About 50 people from a variety of backgrounds and expressing a diversity of opinions attended Tuesday night’s first in a series of public conversations about the Madison School District’s plan to close its achievement gap.
At a dozen tables at West High School’s library, participants debated whether students need more time in class or less, whether schools should have more flexibility or more consistency, and whether parents or the schools are doing enough to engage low-income and minority students.
"What I’m seeing is a sense of empowerment for a lot of people," said Andreal Davis, the School District’s assistant director of equity and family involvement.
Shakia Turner, a black mother of four children in Madison schools, who at one point sent her son to a private school for a year because he wasn’t getting the attention he needed in Madison schools, urged the district to train all of its teachers in culturally relevant practices.
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"If they listen and understand and want to do something," the process will be a success, she said.
Bill Ryan, who is white and has no children in the district, became interested in the issue while mentoring a black East High School senior. Ryan said the student is on track to graduate with a sixth-grade reading level and no indication in his transcripts that he might have a learning disability, which reminded him of his own experience when he graduated from East 32 years ago.
"I want somebody to be held accountable for this," he said.
Earlier this month, Superintendent Dan Nerad announced a preliminary plan to close the district’s persistent racial and socioeconomic achievement gap, calling for an estimated $105.6 million over the next five years for a mix of new and existing strategies.
During an overview at the beginning of Tuesday’s meeting, Nerad said he couldn’t promise every idea from the public would be included in the final plan. But he did promise that every idea would be looked at.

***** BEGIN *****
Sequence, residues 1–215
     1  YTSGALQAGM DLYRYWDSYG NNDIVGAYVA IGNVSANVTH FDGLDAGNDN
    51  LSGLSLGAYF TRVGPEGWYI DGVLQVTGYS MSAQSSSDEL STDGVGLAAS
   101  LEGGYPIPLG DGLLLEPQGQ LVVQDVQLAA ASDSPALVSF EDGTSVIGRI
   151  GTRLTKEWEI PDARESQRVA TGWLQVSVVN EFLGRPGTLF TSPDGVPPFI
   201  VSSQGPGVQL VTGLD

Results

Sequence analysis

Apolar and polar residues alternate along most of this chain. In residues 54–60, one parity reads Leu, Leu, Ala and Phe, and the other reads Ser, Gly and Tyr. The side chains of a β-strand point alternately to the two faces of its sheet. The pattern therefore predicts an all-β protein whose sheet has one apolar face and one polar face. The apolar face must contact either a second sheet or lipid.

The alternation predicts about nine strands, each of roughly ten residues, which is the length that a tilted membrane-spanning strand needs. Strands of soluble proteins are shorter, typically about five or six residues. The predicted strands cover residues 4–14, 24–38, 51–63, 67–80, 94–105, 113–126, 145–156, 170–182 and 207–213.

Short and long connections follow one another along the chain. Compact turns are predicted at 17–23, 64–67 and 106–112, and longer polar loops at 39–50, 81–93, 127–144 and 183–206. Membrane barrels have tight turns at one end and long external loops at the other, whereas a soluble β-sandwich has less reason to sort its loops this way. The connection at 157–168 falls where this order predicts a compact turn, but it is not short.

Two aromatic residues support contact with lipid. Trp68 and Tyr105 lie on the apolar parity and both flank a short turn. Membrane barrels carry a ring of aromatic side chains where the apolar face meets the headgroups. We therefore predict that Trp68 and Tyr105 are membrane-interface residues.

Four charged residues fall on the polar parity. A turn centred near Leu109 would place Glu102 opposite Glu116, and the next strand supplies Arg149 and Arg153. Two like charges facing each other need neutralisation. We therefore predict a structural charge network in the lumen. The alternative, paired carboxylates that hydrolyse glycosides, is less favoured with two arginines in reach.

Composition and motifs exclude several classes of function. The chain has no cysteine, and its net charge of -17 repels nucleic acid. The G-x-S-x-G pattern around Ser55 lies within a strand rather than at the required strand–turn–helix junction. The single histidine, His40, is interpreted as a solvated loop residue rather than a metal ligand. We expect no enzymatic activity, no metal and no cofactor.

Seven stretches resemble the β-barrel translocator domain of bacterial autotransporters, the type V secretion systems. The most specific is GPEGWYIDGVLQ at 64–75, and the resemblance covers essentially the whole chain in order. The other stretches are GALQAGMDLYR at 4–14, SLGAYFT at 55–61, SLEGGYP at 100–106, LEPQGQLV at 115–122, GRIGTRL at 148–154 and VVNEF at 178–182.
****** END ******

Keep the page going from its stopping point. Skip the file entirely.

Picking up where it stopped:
"Whether it is this plan or another plan, if we are to make things right for our children and eliminate achievement gaps, we must invest," he said.
The plan recommends adding an extra early-morning class period for struggling elementary schools and middle and high school students, and developing an early warning system to identify such students; designating a model school for culturally relevant instruction; creating theme-based career academies within high schools; and establishing a "parent university" to help with parenting skills, among several things.
The plan would cost $12.4 million next year, or about $130 on a $250,000 home, said Erik Kass, assistant superintendent for business services.
The group discussions were more focused on specific elements of the plan rather than the overall cost. Each table began with a different focus topic, such as instruction and support, college and career readiness, safe and positive school environments, family engagement or culturally relevant practices.
For each category, participants were asked to consider what programs would have the greatest impact on the achievement gap and what elements were missing from the preliminary plan. At the end, they filled out a questionnaire asking them to rate on a scale of 1 to 5 how effective 29 different strategies would be in closing the achievement gap.
The hearing at West was the first of 13 forums scheduled through the end of March. As of last Thursday, there were 156 registered for the 12 forums, including about 30 registered for Tuesday night’s event.
After the district processes the public input, Nerad plans to incorporate the comments into his budget recommendations to the School Board.